In addition to Uluru rock itself, you should go see Kata Tjuta which is another rock formation close by. Although Kata Tjuta isn’t as impressively unique looking from a geological sense as Uluru, we did see some wild kangaroos running around the crevice that the rock formations created.

Here’s another tip.  Actually it’s more of a warning.  The flies.  My god, the goddamn flies.  They’re everywhere and pretty relentless.  So, pack some bug spray, and if you desire, get a fly net to cover your head/face.  This applies actually when you’re in any part of the Uluru area (airport, hotel, wherever).

And here’s yet another tip.  The shuttle bus ticket into Uluru park is $70 (on top of the $25 admission you’re already paying).  If you’re in a group, just go ahead and rent a car.  Even if you’re not use to driving on the left side of the road, you’ll figure it out, and its the desert so you’re really not gonna crash into anything (probably).  Anyways, if you rent a car you’ll probably save money and you can come and go as you please into the park versus being stuck waiting on shuttle buses.

At night, I would highly recommend doing the BBQ the tours offer.  While the food wasn’t the greatest in the world (though it was perfectly good backyard BBQ), the real value of the BBQ was getting to sit with some Australians and getting to know the locals, which is something we didn’t get to do that much on the trip with all the moving around.

Secondly — the stargazing.  The stargazing is AMAZING in the outback.  It also helped that we had a guide giving us a talk about the night sky with a legit (and I cannot stress this enough) lightsaber of a laser pointer.  The laser literally made it look like the tour guide was Captain Kirk firing a phaser into the sky; that’s how intense the beam was.  But with it, she was able to easily point out constellations and visible galaxies (yes, other galaxies) that we could see on the ground.  Seriously, this was one of my highlights of the whole trip.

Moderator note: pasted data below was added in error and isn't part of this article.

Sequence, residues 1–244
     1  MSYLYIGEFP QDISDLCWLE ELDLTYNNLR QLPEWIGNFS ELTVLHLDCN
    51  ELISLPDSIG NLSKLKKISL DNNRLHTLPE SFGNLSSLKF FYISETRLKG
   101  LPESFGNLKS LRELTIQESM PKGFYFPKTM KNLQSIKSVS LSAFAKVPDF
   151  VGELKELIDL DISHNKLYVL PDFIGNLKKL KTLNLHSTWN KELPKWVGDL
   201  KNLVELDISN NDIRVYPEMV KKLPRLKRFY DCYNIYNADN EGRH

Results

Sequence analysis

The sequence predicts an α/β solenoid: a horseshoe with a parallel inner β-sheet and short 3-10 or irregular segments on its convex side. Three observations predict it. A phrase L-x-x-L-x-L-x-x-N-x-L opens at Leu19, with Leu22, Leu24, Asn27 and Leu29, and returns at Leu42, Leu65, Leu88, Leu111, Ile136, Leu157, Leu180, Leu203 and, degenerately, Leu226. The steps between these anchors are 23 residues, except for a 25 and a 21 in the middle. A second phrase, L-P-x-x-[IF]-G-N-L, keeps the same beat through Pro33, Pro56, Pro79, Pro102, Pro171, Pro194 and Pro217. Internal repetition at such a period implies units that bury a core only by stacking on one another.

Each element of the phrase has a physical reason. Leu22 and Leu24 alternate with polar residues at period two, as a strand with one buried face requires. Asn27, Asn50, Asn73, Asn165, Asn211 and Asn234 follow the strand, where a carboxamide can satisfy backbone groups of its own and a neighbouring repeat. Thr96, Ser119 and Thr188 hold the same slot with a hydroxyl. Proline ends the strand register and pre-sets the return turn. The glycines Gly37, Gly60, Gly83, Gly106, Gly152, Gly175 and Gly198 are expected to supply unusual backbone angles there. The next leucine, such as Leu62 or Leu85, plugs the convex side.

And now my final point may surprise some of you.  While I really enjoyed being at Uluru (especially the stargazing), I wouldn’t say that it’s a must-do.  If you’re into geology or knowing about aboriginal history, then yes you should definitely go.  But other than that, I wouldn’t sacrifice other parts of your trip to make your way out there.  It’s not the cheapest excursion and I feel like you should make sure you way all your other options around the country before committing.  Again, it’s a great experience, but in my opinion not a priority.

Where we stayed

Ayers Rock Resort